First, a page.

Florence's City Hall, the Palazzo Vecchio, is one of the most important secular buildings in Florence and one of the city's top attractions. Palazzo Vecchio was constructed in the late 13th/early 14th century in order to house the government offices for the newly formed Florentine Republic. The architect of the Palazzo Vecchio was Arnolfo di Cambio, the architect of Florence's Duomo.
Throughout its history, the Palazzo Vecchio has been known by a number of names – the Palazzo dei Priori, Palazzo del Popolo, Palazzo della Signoria, and Palazzo Ducale – all of which reflect the city's changes in government and the building's use. The ruling Medici family used the Palazzo della Signoria as a home until building the Palazzo Pitti on the left bank of the Arno. After the Pitti was completed, and the Medici moved in, the palace became known as the Palazzo Vecchio ("old palace"). Note that the Piazza della Signoria, the famous square on which the Palazzo Vecchio sits, was named after the building.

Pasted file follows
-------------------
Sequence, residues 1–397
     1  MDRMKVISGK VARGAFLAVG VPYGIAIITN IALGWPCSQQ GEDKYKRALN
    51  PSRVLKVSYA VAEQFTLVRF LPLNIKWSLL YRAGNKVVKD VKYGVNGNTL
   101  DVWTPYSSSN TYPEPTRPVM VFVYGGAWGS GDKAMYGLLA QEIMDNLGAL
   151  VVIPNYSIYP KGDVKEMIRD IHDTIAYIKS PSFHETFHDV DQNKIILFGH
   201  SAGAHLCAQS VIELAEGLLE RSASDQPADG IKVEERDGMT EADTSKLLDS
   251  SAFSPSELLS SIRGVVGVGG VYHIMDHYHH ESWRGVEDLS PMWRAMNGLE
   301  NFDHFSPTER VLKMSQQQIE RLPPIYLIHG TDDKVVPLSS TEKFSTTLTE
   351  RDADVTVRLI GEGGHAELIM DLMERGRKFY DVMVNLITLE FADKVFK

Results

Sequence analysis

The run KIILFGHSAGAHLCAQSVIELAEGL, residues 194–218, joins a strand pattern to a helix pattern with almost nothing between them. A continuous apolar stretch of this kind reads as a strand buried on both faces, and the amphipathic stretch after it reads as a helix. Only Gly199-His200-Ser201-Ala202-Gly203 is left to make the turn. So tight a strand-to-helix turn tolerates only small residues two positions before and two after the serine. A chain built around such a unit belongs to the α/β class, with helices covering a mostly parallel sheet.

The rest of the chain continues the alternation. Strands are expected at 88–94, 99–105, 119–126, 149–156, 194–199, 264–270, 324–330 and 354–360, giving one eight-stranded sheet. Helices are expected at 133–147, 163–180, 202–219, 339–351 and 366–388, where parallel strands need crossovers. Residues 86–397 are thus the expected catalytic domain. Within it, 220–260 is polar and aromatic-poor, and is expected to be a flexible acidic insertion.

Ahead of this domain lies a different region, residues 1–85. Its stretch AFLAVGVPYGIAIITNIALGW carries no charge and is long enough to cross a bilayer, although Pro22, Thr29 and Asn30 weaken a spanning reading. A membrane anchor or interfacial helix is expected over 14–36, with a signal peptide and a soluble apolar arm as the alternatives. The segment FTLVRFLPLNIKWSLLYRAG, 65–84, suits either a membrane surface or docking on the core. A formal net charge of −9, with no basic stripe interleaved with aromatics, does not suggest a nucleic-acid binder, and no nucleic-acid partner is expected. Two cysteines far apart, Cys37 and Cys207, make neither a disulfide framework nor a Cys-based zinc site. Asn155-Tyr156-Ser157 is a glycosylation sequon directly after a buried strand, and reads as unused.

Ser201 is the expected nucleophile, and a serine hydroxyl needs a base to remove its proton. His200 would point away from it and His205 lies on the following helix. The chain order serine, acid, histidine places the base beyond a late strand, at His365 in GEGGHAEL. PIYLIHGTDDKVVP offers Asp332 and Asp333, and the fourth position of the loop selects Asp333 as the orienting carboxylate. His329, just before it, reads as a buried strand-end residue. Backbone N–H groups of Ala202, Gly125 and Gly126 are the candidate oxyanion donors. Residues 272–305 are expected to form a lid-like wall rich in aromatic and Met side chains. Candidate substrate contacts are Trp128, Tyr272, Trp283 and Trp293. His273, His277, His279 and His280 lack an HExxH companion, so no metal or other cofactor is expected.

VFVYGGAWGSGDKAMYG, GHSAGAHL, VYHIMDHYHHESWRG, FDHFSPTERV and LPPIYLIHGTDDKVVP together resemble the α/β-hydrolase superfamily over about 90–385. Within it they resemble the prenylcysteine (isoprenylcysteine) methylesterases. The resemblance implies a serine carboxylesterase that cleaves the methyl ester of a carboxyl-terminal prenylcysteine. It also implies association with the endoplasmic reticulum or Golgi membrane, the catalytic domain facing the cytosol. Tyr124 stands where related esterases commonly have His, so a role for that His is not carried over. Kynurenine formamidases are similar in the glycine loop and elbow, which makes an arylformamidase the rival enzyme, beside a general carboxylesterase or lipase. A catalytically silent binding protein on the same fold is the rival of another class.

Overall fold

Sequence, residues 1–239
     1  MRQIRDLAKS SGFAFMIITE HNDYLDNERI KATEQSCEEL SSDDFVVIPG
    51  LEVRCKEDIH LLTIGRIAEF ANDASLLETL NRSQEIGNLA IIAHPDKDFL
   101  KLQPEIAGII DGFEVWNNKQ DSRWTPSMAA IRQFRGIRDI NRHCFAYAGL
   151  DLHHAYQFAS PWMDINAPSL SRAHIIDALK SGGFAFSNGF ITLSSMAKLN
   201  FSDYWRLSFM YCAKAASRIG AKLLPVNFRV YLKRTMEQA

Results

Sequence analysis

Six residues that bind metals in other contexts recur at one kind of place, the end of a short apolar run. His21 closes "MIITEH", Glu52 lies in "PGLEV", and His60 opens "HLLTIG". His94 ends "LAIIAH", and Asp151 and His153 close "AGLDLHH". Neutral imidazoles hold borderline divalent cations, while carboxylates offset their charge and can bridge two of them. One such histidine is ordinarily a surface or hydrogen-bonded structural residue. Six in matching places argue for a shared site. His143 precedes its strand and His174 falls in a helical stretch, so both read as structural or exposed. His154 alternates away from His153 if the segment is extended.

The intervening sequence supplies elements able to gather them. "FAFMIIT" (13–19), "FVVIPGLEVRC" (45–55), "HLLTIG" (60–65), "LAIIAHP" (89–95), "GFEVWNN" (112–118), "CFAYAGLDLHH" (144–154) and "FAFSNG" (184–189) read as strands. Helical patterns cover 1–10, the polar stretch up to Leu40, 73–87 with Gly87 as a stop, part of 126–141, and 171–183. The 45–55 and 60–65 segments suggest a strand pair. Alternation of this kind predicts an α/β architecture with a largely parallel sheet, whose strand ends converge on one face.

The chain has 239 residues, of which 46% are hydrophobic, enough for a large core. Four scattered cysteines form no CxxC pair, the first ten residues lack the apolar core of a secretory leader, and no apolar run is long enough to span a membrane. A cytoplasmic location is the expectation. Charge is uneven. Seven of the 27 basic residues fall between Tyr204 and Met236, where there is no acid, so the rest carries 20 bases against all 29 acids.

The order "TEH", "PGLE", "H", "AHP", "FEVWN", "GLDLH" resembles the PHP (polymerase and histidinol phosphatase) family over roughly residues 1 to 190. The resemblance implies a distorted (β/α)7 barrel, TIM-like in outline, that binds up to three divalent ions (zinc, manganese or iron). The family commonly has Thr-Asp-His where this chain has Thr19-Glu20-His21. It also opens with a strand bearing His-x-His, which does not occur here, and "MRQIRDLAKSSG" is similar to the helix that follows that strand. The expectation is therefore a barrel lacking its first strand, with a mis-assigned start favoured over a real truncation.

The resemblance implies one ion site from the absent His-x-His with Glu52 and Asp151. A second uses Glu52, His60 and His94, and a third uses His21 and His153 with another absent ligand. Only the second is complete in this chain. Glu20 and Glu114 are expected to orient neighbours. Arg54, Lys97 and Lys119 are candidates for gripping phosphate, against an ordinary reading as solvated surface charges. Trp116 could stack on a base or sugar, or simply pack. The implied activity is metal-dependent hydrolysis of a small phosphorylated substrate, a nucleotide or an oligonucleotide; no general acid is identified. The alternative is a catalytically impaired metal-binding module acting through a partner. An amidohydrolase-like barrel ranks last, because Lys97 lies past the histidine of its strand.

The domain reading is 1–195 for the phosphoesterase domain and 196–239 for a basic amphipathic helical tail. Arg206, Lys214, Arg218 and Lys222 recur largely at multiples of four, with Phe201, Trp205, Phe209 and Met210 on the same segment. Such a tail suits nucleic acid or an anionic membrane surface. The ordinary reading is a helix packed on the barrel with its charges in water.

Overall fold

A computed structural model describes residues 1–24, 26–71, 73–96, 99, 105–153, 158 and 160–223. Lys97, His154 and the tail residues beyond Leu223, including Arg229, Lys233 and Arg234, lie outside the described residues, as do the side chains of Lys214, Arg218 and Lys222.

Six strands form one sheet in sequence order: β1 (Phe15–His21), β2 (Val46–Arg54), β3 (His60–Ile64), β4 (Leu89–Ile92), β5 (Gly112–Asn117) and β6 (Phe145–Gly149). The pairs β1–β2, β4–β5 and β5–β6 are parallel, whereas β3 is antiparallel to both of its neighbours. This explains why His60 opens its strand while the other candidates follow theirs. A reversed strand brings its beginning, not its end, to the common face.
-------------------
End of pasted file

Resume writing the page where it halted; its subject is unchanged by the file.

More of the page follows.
Today, the Palazzo Vecchio still contains the office of Florence's Mayor and the City Council. But most of building is now a museum that you can visit (see Palazzo Vecchio Visiting Information).
Two tours are offered by Select Italy - Palazzo Vecchio Guided Tour covers art and history while the Secret Routes Tour takes you through hidden rooms and the attic as well as the most famous rooms. There's also a fresco painting workshop. Palazzo Vecchio Tours from Select Italy.
Continue reading: Visiting Information and What To See in Palazzo Vecchio in Florence.